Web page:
• Have you ever read the Pearls books. Never to they advocate “beating”. Spanking yes, beating, no. I’ve read there books and they advocate discipline. I’ve never read their books and thought, hmm, my child wont submit so let me beat them to death. They are very clear in their books if you are angry you should NOT be spanking your child. The problem with America is that no one “believes” in spanking anymore. Oh, it might hurt the child psychologically. Yes, beating a child or abusing emotionally and physically is wrong and can hurt a child. But, spanking is not wrong. If more people would properly correct and spank their children I would guess that America wouldn’t be going to hell in a hand basket. Has anyone seen kids now days. I see some kids and how they talk to their parents and treat each other and other people, they need a good spanking!!! I was spanked in a “right” way, and probably sometimes not, and I’m just fine. The people out there abusing their kids need to get into trouble. If there are idiots that are out there and translate proper discipline into abuse then they need to pay the price. But to spank your child or correct them is not abuse. If there is not discipline or correction then there is going to be chaos and kids, who eventually turn into adults, running amok. Oh wait….that’s already happening.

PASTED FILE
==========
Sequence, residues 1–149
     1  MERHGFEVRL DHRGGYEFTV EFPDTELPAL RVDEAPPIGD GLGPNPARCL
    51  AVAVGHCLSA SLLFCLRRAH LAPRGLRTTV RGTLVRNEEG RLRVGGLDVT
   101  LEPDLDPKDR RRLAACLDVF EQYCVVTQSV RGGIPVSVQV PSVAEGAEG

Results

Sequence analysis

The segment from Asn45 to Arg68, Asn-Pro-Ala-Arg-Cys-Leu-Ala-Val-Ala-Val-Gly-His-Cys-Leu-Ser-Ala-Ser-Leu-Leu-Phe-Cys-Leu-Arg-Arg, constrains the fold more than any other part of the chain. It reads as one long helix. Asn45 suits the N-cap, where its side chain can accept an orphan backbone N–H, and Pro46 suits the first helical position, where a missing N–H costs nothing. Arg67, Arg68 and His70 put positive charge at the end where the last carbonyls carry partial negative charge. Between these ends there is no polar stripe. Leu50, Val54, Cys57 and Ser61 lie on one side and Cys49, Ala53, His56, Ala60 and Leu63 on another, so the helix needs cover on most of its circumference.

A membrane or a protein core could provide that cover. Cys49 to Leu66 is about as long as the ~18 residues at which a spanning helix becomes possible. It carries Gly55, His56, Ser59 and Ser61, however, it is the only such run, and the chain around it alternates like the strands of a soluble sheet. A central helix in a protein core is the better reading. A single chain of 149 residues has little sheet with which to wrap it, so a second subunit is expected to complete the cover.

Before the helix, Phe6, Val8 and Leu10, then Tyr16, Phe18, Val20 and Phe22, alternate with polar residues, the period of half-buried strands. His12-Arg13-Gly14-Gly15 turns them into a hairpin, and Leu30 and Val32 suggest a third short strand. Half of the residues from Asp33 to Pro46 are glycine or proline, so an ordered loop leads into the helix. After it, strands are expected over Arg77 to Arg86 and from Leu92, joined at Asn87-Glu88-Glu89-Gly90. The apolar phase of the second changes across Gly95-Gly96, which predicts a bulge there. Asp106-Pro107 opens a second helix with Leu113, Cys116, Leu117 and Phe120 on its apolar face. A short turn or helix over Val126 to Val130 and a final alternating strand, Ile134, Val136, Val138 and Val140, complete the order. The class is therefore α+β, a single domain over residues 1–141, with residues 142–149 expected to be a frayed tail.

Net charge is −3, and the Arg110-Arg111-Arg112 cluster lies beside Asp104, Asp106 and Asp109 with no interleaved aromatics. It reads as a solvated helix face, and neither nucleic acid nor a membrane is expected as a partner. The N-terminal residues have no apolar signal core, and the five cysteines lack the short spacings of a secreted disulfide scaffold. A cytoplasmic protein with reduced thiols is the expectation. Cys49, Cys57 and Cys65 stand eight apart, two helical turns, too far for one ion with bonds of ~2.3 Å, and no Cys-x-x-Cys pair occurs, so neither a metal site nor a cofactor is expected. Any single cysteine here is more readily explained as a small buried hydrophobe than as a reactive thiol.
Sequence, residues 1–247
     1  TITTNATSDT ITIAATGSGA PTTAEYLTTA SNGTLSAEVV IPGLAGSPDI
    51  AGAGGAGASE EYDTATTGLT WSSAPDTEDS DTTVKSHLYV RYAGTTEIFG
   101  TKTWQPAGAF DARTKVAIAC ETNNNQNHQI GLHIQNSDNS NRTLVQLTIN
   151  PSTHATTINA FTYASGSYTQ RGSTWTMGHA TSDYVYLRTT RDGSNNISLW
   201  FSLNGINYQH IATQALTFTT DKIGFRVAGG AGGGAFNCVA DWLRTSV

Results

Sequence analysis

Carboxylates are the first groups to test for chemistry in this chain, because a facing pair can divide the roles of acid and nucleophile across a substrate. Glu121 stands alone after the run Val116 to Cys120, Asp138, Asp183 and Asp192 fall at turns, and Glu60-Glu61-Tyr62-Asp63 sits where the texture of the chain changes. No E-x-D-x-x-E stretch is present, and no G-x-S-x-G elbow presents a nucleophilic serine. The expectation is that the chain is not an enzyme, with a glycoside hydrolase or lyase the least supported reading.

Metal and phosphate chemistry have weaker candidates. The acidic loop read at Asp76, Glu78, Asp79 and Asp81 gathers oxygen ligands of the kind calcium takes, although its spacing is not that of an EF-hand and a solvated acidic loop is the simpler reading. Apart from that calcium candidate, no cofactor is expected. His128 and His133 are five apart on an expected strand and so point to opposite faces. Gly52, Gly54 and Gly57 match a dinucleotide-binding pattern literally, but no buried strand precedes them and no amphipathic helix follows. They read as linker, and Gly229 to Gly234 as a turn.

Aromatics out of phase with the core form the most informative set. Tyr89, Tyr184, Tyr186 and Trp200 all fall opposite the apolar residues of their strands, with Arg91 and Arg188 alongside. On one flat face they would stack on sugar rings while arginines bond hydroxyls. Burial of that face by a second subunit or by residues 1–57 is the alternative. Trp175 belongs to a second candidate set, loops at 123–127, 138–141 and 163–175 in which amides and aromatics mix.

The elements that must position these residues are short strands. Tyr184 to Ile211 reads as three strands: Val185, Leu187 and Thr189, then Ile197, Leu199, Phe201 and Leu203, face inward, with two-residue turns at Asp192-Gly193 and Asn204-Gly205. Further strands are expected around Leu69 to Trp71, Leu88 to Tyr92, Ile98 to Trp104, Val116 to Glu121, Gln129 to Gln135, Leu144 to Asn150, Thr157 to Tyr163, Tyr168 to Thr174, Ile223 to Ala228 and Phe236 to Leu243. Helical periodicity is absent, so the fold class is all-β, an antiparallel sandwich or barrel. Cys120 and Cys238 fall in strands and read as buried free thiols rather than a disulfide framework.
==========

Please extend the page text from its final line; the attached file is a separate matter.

9. I love this so much. I too came across that site years ago. Curiously enough, is Amy Grant still the Queen Bee?